The Morning File: Some of us seem a tad slow to desert fast food passion

Fast Food Passion

The Morning File: Some of us seem a tad slow to desert fast food passion

It’s been too long since The Morning File staff all went out to a nice fast food lunch together, enjoying the calories, the restroom hand dryers, the playground tunnels to crawl through.

So we’re headed out today to Wendy’s to taste the overhaul of its 42-year-old hamburger, and no one’s going to stop us. Not Michelle Obama, with her emphasis on healthy eating; not McDonald’s, with its insane offering of oatmeal with brown sugar and raisins; and most certainly not our too-smart-for-their-own-good kids, who seemed to eat nothing but fast food for about five years and now, in their late teens, treat it like radioactive waste.

Someone’s gonna need a pretty heavy defensive line today to keep us away from this new 800-calorie half-pound Hot ‘N Juicy double cheeseburger, and we’re pretty confident we’ll be able to talk anyone on such a defensive line into joining our ranks anyway. That’s right, Casey Hampton — we’re talking to you.

Right around the time The Associated Press ran a story recently alerting us to the extensive Manhattan Project-style research that developed the Hot ‘N Juicy, it published another article suggesting all the talk about Americans wanting to eat healthier is just that — talk. Consumers at fast food restaurants are putting their money where their taste buds are, consequences be damned.

“So, while 47 percent of Americans say they’d like restaurants to offer healthier items like salads and baked potatoes, only 23 percent tend to order those foods,” the article said, citing a survey last year by food research firm Technomic. The AP made the point that IHOP’s 1,180-calorie breakfast sampler of eggs, bacon, sausage, ham, hash browns and pancakes (“Excuse me, miss — can I get extra toast with that?”) reigns as its top seller, rather than goody-goody yogurt and fruit bowls.

As another example, before McDonald’s started automatically providing half-servings of both apple slices and french fries this year in its Happy Meals, parents who formerly had the option of picking one or the other for their kids chose the fries 89 percent of the time.

It’s possible, of course, that parents taking their kids to McDonald’s are already a self-selected group of familial gluttons, indifferent if not hostile to government warnings about obesity. Or maybe they feared their children being picked on if they seemed averse to fries, a form of bullying that would be only natural. (“Apples? Your old lady smells like rotten apples, ya little squirt. Now grow up and order some food you can put some salt on, or else.”)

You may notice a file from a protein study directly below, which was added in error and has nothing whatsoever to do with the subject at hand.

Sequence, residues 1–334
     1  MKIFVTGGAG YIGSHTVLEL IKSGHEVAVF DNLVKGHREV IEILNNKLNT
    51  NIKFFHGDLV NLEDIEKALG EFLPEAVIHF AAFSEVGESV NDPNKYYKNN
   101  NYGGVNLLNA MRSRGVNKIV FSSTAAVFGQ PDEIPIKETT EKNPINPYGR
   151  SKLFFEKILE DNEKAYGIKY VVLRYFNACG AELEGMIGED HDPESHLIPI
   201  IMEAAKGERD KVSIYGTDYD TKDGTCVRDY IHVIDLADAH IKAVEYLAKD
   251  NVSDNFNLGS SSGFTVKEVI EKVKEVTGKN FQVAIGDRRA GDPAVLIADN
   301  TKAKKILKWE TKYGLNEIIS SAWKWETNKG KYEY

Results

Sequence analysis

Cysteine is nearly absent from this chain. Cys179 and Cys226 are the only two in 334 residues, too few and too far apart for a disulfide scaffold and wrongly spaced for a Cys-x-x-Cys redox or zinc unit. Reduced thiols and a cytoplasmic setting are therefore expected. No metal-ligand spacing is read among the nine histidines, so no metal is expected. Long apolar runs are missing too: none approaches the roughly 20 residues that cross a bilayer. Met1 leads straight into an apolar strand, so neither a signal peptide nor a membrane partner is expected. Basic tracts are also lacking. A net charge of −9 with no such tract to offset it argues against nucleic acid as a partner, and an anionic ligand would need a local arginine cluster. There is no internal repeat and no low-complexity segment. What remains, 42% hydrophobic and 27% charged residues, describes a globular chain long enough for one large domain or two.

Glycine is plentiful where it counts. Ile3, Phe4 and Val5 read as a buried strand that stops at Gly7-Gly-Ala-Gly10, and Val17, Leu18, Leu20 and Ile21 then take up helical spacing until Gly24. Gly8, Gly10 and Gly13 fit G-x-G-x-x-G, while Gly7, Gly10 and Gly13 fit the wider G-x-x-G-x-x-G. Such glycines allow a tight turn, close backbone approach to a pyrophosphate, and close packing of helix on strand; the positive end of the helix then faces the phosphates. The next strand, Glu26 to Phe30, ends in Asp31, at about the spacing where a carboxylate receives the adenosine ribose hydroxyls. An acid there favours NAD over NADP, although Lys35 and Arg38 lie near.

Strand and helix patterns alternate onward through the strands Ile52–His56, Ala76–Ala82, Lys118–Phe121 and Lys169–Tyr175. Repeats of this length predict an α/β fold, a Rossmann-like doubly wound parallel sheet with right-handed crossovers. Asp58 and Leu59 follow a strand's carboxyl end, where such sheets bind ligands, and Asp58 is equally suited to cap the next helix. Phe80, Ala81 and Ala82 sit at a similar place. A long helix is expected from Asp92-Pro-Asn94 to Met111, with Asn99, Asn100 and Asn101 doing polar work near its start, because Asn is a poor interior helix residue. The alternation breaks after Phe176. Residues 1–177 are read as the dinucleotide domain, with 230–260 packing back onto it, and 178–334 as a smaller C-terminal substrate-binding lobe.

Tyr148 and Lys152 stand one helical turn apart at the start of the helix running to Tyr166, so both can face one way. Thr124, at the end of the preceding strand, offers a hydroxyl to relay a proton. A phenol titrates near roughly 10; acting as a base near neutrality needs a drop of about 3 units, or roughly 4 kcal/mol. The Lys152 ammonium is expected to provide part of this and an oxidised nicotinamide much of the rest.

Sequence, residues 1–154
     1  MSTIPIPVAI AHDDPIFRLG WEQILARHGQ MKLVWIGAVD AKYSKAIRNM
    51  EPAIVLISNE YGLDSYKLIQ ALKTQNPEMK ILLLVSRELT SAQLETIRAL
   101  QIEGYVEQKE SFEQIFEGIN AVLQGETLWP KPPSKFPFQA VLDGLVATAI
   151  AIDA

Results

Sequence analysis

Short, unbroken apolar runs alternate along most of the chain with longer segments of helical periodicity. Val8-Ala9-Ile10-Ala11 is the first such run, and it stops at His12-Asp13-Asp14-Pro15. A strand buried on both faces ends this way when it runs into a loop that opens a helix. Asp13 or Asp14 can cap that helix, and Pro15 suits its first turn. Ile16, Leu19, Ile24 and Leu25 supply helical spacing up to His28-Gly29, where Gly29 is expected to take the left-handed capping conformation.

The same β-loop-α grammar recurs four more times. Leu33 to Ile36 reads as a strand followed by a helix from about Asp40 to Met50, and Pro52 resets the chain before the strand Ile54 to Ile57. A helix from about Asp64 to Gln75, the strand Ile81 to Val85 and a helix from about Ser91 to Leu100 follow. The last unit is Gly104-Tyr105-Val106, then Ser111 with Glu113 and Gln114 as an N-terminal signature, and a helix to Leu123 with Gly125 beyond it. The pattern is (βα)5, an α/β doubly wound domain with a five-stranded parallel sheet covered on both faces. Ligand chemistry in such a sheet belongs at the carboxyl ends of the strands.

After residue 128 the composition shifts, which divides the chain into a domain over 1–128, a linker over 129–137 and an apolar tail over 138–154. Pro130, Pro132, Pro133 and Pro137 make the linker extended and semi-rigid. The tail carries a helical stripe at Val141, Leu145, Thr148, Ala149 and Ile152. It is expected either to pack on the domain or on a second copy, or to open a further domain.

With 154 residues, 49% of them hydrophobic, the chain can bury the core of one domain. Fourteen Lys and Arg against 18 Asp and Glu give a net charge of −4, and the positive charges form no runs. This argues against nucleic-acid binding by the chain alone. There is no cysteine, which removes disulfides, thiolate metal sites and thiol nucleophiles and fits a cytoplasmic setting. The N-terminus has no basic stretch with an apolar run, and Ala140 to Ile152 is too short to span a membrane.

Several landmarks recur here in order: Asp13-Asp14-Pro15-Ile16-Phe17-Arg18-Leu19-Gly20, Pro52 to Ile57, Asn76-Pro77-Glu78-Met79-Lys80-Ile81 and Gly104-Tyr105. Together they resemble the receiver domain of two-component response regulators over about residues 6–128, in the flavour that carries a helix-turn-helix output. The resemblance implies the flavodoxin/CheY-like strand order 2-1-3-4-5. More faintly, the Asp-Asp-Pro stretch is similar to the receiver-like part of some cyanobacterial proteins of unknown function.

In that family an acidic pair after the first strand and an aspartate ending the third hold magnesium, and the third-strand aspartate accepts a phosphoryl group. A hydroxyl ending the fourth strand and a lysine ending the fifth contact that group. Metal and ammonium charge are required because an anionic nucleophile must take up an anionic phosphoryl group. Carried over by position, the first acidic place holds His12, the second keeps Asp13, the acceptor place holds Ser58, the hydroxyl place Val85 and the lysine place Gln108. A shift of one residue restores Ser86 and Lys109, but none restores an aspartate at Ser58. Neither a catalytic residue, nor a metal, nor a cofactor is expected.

Not willing to be forced down some path of healthy food emphasis by the nutrition police, Wendy’s stuck to its traditional guns on Project Gold Hamburger. The chain has been losing market share to McDonald’s and spent 21/2 years on an effort to remake its bread and butter — which turned out to be a literal as well as figurative change. After extensive taste and marketing tests, the main burger ended up with a thicker beef patty, extra cheese and a buttered, toasted bun.

Oh, and Wendy’s switched the color of its onions from white to red. Let’s see if that keeps their burger-eaters from jumping to Five Guys.

“It’s not about getting real exotic,” a Wendy’s senior vice president told the AP. “It’s about making everything work.”

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Now, we’re not stupid enough to think fast food is our best option when going out for lunch, or dinner, or breakfast — or when we get hungry again right after a healthy lunch or dinner. But gosh, that craving for what is provided by McDonald’s, Wendy’s, Burger King, KFC, etc., is as American as a drive-through window.

We know ourselves that we’ve tried to have good intentions in such places — no, don’t super-size me, please don’t, really, well OK, if you must — but it’s so, so hard.

“There is often a disconnect between consumers’ intentions and their actions,” said Technomic executive Darren Tristano. “Many consumers are actually making substantial changes to their overall habits, even basing which restaurants they frequent in part based on their impressions of the healthfulness of the brands. However, as many of us know from personal experience, diners do not always follow through on their intentions once it is time to order.”

Someday, such behavior might change, due to national indoctrination of people like the young vegan in The Morning File’s own household. But until then, we’re willing to have our buns buttered and discover what is so hot and juicy about the Hot ‘N Juicy.

View the full article on Post-Gazette

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